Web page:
Earth’s ozone layer acts as a protective shield, absorbing and blocking harmful radiation from the Sun. In the 1970s, scientists began to worry that the ozone layer was being depleted by manufactured chemicals like chlorofluorocarbons, or CFCs, commonly used as a refrigerant and in aerosols.
Soon pressure grew for global action. In 1987, a United Nations summit in Montreal brought global leaders, scientists, and industry representatives together to address the problem.The treaty they ratified, known as the Montreal Protocol, was ultimately a success, pushing chemical companies to invest in profitable alternatives to help save the ozone. Earlier this year, scientists announced that Earth’s ozone layer was starting to recover.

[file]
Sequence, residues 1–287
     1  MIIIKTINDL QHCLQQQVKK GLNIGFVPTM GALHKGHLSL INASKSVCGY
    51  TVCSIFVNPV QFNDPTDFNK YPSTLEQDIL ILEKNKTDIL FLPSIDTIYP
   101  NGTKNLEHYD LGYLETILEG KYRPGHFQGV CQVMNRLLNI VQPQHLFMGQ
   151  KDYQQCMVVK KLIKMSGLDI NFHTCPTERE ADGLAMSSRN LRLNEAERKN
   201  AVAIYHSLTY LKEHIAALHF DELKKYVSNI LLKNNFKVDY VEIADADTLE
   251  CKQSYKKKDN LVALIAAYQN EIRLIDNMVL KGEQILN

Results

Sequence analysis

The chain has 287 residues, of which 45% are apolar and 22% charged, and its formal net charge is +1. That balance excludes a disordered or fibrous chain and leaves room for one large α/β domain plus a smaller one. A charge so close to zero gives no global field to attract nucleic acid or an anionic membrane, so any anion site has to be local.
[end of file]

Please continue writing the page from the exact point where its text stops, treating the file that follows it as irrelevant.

The Montreal Protocol has been recognized as a template for encouraging science-based policy and global cooperation to address environmental challenges. Today, as global warming caused by burning fossil fuels has become the most pressing climate problem, will the world be able to duplicate the Montreal Protocol's success?
This documentary was created in partnership with Scientific American. You can view past collaborations here.
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